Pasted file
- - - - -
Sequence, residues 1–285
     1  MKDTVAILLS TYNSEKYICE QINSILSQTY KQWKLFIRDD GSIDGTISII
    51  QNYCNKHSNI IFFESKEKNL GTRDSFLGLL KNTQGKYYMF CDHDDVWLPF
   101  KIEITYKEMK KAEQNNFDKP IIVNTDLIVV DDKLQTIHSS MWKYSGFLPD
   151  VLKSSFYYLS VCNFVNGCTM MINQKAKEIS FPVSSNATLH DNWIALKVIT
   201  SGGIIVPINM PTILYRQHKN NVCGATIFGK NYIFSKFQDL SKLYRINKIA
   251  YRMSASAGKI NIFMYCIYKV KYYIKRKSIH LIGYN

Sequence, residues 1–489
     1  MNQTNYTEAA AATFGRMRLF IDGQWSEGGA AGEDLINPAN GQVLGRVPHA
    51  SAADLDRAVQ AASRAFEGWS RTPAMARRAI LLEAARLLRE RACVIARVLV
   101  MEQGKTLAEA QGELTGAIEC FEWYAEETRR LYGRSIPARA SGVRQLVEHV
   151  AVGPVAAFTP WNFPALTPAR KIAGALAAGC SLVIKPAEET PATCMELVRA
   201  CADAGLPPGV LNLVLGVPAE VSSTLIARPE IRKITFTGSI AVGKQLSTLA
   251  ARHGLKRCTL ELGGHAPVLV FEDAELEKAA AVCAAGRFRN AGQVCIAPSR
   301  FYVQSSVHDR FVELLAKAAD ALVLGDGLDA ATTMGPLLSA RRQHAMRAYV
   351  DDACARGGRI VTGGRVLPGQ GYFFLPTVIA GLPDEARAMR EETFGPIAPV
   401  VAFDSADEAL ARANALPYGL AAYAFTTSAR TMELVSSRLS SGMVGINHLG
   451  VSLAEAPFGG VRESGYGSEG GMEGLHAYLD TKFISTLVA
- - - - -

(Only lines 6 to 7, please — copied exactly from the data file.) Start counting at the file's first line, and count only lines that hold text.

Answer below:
   201  SGGIIVPINM PTILYRQHKN NVCGATIFGK NYIFSKFQDL SKLYRINKIA
   251  YRMSASAGKI NIFMYCIYKV KYYIKRKSIH LIGYN